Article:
The Waiting Game

I cannot remember if it is week number eight or nine of the virus lock-down. But, I suppose, it really doesn’t matter. When most days feel largely the same, I’m not sure if marking time is that useful.

On the home front, Mrs. T. put up a chores schedule, and assignments, on a white board. We take turns cooking dinner and cleaning. Every other Saturday, we all do a multi-hour deep-clean of the house.

Connecting with my family and friends has been the highlight for me. And, cycling.

Tired of feeling sluggish, I bought my first road bike some weeks ago. Weather and schedule permitting, I ride every day, usually for a few hours. Breathing fresh air and feeling the air whip by my face has been energizing. West of our house, there are some beautiful views you can take in on a bike.


Work-wise, I’m grateful that all of my CEOs quickly came up with a Plan B. They revised their revenue projections, adjusted their burn, and published potential milestones and dates.

As Eric and I often discuss, it is a bad sign when a Board has to lead a management team on what to do; it’s a great sign when management leads the Board.

Venture capital is an odd job. When a macro-economic shock hits, there’s a mad scramble of Board meetings/calls/Zooms as companies figure out a Plan B. Then, once there is one, as a VC, you…wait.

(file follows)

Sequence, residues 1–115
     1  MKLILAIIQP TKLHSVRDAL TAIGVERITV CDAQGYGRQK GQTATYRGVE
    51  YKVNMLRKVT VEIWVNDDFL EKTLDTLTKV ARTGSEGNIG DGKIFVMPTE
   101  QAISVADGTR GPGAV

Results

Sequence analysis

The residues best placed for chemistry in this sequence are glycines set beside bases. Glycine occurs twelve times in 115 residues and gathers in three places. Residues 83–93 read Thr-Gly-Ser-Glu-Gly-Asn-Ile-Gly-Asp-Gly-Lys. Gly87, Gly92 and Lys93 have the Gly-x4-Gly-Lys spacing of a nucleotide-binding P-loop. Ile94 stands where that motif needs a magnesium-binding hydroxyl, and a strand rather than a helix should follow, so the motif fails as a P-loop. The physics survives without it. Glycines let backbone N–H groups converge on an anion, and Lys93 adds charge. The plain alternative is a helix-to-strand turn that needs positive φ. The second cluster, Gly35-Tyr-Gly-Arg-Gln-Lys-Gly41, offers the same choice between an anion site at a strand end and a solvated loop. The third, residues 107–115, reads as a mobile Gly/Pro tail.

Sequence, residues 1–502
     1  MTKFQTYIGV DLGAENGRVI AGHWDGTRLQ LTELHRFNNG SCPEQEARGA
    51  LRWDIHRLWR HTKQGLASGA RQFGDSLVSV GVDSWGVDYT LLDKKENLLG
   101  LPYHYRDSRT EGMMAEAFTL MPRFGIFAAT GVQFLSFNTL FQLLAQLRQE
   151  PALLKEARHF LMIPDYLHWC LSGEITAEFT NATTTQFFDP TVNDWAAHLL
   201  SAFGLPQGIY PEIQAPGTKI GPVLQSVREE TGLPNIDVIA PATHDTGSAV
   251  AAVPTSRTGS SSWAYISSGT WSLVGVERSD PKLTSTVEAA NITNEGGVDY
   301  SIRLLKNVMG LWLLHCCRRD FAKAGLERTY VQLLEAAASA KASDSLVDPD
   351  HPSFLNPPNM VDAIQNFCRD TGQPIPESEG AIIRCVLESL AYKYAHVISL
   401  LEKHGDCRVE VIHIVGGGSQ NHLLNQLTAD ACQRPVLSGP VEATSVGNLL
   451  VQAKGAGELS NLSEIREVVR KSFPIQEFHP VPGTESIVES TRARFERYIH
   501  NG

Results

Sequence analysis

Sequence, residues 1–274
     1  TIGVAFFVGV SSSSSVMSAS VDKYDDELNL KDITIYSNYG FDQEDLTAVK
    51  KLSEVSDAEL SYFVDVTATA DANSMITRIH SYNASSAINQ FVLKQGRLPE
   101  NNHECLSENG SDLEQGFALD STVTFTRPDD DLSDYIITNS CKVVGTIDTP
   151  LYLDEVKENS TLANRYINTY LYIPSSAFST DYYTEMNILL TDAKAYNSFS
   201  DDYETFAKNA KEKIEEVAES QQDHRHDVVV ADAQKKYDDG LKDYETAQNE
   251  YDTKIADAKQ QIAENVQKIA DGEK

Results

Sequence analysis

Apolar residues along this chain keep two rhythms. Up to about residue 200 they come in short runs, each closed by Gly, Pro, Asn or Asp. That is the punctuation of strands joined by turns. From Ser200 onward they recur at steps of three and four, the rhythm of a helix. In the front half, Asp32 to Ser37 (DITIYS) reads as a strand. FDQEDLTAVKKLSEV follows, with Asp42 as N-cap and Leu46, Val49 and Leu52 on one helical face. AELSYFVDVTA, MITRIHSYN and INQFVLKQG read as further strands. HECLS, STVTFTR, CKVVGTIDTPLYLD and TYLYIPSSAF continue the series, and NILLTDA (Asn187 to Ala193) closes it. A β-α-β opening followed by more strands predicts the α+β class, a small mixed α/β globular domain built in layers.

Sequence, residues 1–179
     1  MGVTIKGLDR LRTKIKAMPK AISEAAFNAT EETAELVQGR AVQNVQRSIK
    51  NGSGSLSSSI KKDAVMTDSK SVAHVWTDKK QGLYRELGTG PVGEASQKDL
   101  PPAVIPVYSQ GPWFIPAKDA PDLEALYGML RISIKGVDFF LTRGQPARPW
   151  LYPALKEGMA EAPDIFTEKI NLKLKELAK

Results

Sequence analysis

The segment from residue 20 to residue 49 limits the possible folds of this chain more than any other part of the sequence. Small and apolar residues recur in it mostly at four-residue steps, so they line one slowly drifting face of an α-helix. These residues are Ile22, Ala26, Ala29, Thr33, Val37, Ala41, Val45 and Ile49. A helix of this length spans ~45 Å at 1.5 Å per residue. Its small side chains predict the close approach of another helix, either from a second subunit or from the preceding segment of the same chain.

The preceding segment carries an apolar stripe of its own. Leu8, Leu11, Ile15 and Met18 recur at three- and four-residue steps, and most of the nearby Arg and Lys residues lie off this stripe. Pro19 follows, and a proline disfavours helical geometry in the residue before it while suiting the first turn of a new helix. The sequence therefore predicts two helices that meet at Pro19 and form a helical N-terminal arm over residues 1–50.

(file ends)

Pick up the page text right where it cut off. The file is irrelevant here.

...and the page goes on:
Entrepreneurs don’t want to be told what to do (it’s a big reason they are entrepreneurs in the first place, IMO). They relish autonomy, and, as a VC, you have to respect that. You also don’t want to be the VC who calls over often and distracts the CEO.

So, once a Plan B is in place, you then wait and see what happens. Sometimes, you need a Plan C. But, other than that, you give the team the freedom to execute.

I’ve described VC this way: you’re a management consultant but with nukes. You help advise the management team, you come for meetings, but you then go. You have the power to fire a CEO or shut down a company, the nukes in your arsenal, but those are levers you never want to use unless you absolutely have to. So, 99% of the time, you’re a management consultant, trying to influence a team without being a jerk.

So, right now, I’m in the wait-and-see mode. It’s boring, but I know I’m one of the lucky ones. So many people in other industries are still in mad-scramble mode.

On another issue, we recently received news that someone whom we know well has tested positive for Covid-19. This unleashes a whole new set of emotional turbulence and unknowns. And, I know our family is not the only one to be going through this.

There are many decisions to make, but, for now, that too is a waiting game to see what the virus does and when. The timing and severity of the symptoms dictate what happens next.

I feel the whole world is in this major waiting game. We all used to be in control of our lives. Right now, the virus is in charge. We just have to wait it out.

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